IRS Information Letters 2016-0023 (Jan. 8, 2016); 2016-0005 (Feb. 8, 2016); 2016-0021 (Feb. 22, 2016); 2016-0019 (Mar. 2, 2016)
The IRS has released four information letters on individual policy arrangements and related issues. These letters are provided by the IRS Office of Chief Counsel—one of them responds directly to a governmental employer, and the others respond to inquiries from members of Congress on behalf of constituents. Here are highlights:
Opt-Out Arrangements Permissible. Information Letter 2016-0023 describes a plan design in which a governmental employer pays additional taxable compensation to employees with other health coverage who forgo coverage under the employer’s group health plan (often referred to as “opt-out payments”). Opt-out payments do not result in a health plan subject to health care reform so long as the additional taxable compensation is unrelated to the cost of the employee’s other coverage. The letter notes that such an arrangement may have implications when calculating employee contributions for employer-sponsored coverage, based on the guidance in IRS Notice 2015-87—see our Checkpoint article. (When required employee contributions are not “affordable,” employees are potentially eligible for premium tax credits and applicable large employers have potential liability under Code § 4980H(b).)
Small Plans Exception Allows Reimbursement of Individual Policy Premiums. Information Letter 2016-0005 reiterates that an employer’s arrangement to reimburse the individual health insurance premiums of its only employee does not violate health care reform because the applicable requirements do not apply to a plan that has fewer than two participants who are active employees (sometimes referred to as the “small plans exception”).
Relief for Certain S Corporation Arrangements Continues to Apply. Information Letter 2016-0021 acknowledges continued reliance on IRS Notice 2015-17, which states that an S corporation will not be subject to Code § 4980D excise taxes solely as a result of having a “2% shareholder-employee health care arrangement” (see our Checkpoint article). Under such an arrangement, the S corporation pays for or reimburses premiums for individual health insurance coverage for a “2% shareholder” (a term of art that generally means employees who are considered to own more than 2% of the corporation’s stock); the payment or reimbursement is included in income, and the premiums are deductible by the 2% shareholder-employee under Code § 162(l). The letter also notes that an S corporation plan covering only a single employee—whether or not a 2% shareholder—would generally not be a group health plan subject to health care requirements since it would qualify for the small plans exception (discussed above).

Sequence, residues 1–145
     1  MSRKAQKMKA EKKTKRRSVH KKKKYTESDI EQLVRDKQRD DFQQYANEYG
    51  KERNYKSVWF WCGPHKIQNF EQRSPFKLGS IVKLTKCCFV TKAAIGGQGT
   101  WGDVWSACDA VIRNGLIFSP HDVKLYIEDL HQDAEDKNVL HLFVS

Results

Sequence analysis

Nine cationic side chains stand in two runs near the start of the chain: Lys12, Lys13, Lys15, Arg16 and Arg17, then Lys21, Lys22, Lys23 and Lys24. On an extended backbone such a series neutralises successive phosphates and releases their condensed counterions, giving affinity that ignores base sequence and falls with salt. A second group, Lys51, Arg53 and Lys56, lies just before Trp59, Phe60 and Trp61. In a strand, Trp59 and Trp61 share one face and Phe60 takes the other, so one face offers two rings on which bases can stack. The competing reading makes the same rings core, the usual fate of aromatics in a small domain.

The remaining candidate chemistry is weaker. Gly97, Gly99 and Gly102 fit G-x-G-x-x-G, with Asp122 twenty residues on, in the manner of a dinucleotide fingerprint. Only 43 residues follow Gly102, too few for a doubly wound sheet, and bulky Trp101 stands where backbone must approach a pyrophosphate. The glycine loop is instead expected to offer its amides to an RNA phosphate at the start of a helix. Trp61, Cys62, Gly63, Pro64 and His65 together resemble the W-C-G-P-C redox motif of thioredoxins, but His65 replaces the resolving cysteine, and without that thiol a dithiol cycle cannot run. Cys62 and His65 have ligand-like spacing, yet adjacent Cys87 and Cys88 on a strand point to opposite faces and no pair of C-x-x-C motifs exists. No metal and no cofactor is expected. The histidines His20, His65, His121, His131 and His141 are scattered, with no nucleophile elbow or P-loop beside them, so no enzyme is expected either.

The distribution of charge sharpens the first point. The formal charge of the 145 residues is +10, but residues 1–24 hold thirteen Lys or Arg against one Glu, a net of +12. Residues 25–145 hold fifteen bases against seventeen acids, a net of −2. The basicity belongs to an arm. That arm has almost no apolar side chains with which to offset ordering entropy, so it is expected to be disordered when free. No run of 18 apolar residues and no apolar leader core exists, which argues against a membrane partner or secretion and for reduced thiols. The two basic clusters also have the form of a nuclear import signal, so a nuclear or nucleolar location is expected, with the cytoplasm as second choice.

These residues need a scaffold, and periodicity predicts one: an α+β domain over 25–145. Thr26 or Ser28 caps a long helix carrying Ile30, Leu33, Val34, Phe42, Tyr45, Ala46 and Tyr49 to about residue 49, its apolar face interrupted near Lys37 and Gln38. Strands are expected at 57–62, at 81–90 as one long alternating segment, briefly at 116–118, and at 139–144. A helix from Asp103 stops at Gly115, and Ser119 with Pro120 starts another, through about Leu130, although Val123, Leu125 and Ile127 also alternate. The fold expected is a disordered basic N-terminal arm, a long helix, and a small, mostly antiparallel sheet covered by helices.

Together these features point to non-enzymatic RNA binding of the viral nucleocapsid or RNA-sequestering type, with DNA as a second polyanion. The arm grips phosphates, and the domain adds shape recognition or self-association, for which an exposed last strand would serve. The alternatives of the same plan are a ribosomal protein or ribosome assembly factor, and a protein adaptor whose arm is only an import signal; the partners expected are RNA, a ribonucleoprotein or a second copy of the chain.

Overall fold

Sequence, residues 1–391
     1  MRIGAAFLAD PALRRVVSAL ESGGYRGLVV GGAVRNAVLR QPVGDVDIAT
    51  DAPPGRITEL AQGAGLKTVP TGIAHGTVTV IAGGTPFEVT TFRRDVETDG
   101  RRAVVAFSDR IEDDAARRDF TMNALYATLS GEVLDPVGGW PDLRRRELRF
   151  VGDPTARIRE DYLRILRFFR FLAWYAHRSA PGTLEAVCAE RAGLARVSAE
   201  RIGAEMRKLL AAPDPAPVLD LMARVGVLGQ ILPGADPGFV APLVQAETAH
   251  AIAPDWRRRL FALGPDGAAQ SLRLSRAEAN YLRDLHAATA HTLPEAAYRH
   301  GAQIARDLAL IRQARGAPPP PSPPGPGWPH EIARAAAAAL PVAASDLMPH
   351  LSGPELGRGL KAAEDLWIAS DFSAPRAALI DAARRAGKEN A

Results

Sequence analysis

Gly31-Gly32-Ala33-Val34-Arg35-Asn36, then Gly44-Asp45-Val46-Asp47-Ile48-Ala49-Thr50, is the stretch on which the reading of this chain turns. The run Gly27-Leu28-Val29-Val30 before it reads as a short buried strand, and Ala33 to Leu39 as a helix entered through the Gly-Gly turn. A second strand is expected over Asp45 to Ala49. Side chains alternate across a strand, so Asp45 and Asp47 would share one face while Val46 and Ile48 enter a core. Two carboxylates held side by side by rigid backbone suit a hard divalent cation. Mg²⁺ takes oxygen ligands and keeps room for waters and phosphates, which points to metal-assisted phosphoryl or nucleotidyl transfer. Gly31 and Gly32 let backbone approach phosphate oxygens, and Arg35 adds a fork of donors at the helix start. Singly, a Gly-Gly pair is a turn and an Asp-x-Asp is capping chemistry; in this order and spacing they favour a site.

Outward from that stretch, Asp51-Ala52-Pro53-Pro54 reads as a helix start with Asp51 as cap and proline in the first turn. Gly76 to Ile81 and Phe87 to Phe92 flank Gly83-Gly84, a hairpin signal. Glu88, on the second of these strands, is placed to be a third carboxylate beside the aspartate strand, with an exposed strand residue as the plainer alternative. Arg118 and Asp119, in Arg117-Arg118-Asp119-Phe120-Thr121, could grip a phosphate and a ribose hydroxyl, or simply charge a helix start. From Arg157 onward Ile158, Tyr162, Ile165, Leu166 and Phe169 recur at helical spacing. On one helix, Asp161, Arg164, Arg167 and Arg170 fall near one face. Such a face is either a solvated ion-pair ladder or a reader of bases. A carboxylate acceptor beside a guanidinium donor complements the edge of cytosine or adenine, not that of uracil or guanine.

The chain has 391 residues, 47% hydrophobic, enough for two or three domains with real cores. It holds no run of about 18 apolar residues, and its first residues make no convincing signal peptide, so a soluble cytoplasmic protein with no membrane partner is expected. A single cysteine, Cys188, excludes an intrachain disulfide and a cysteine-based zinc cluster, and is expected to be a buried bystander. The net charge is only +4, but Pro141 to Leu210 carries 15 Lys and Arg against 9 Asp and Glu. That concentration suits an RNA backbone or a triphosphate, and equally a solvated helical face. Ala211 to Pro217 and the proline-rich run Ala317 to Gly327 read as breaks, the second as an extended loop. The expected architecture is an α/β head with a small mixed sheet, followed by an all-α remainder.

Reimbursement of Individual Policy Premiums Impermissible Unless Combined With Compliant Employer Plan. Information Letter 2016-0019 reiterates the IRS’s now well-established position first articulated in IRS Notice 2013-54 (see our Checkpoint article) that, subject to narrow exceptions, an employer violates health care reform requirements (most notably, the prohibition against an annual dollar limit on essential health benefits) by reimbursing or paying employee premiums for individual health insurance. (This is because an employer’s reimbursement of medical expenses up to a fixed amount is a group health plan that is deemed to have an annual limit on essential health benefits.) An employer may, however, combine such an arrangement with a compliant employer group health plan (i.e., one that does not impose annual limits on essential health benefits) to determine whether the combined arrangement satisfies the annual limit (and other applicable rules). In addition, the letter notes that an employer that does not want to offer group health plan coverage may provide additional taxable compensation to its employees that the employees can use for any purpose, including the purchase of an individual health policy.
EBIA Comment: While these four information letters do not break any new ground, they highlight the compliance problems and potential excise taxes (see our Checkpoint article) posed by paying or reimbursing employees’ individual health insurance premiums. Letter 2016-0019 notes that although a formal opinion cannot be provided on any particular arrangement, employers should be wary of “schemes” purporting to allow reimbursement of individual policy premiums without violating health care reform. For more information, see EBIA’s Health Care Reform manual at Sections V.C.4 (“Individual Health Insurance Policies May Be Treated as Group Health Plans”) and XXVIII.E (“Assessable Payment (Penalty Tax) When Inadequate Coverage Offered to Full-Time Employees and Dependents (the “Subsection (b) Penalty”)”), EBIA’s HIPAA Portability, Privacy & Security manual at Section VI.C.4 (“Individual Health Insurance Policies May Be Treated as Group Health Plans Under HIPAA”), and EBIA’s Cafeteria Plans manual at Section XII.D (“Additional Credits From Opting Out of Core Benefits”).
Contributing Editors: EBIA Staff.